Which is the best way...

Matthew D. Wood woodm at equire.com
Wed Aug 15 22:54:35 CEST 2001


I have an interesting code-correctness question.  I firmly believe in 
doing things 'The Right Way' and I'm not sure which of these 3 blocks is 
better.  So, if you code-guru's could help me out I would definitely 
appreciate it.



###################################################

#!/usr/bin/env python

list_a = ['a', 'b', 'e', 'c', 'd']
list_b = ['a', 'b', 'c', 'd', 'e']


# Will fail if list *is* in order
def first_non_ordered_dumb (my_list) :
       for index in range(len(my_list)) :
               if my_list[index] > my_list[index + 1] :
                       return index - 1


# Works, but I do that 'if' for every element
# Even though I know that it only matters on the last one.
def first_non_ordered_1 (my_list) :
       last_index = len(my_list) - 1
       for index in range(len(my_list)) :
               if index == last_index :
                       return None

               if my_list[index] > my_list[index + 1] :
                       return index + 1


# Works, but how much overhead is there in the slicing of the range list?
def first_non_ordered_2 (my_list) :
       for index in range(len(my_list))[:-1] :
               if my_list[index] > my_list[index + 1] :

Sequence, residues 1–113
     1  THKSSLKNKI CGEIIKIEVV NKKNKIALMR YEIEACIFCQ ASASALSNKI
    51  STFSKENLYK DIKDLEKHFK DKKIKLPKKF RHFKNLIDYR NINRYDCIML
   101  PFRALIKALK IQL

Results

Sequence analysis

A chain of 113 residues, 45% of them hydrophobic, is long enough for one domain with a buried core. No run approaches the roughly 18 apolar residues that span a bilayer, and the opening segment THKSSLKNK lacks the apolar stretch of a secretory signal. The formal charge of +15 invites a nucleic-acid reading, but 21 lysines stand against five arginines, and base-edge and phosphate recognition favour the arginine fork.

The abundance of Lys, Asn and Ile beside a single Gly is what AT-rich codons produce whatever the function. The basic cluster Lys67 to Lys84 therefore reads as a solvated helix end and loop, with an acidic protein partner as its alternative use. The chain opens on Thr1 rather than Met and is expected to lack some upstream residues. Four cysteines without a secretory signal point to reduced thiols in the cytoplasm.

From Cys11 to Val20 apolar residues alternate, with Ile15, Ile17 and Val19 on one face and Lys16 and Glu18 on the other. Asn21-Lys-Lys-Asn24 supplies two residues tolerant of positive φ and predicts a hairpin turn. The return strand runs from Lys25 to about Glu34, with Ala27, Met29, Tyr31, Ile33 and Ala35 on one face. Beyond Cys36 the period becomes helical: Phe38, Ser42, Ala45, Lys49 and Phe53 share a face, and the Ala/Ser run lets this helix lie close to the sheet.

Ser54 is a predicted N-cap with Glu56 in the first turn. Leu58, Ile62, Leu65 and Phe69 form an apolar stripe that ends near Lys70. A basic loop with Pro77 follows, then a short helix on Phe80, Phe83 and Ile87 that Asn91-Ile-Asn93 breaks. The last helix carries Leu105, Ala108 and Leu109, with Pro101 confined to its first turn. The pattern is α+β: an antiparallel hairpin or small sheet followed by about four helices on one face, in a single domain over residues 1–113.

return index + 1

       else :
               return None


# Works, but how efficient is the try-except stuff
# when compared to the two above?
def first_non_ordered_3 (my_list) :
       try :
               for index in range(len(my_list)) :
                      if my_list[index] > my_list[index + 1] :
                               return index + 1

       except IndexError :
               return None



for my_list in (list_a, list_b) :
       print my_list
       #print 'dumb:', first_non_ordered_dumb(my_list)
       print '1:', first_non_ordered_1(my_list)
       print '2:', first_non_ordered_2(my_list)
       print '3:', first_non_ordered_3(my_list)


#########################################

I guess I could do it with a while loop, but that always seemed messy.  
A 'C for loop' would work better than a 'python for loop' here, and 
usually that seems to indicate a 'while loop' should be used in python.  
But I MUCH prefer 'for loops' to 'while loops'.  What do you guys think?

Or, as is usually the case, did I miss something that makes the problem 
much easier.





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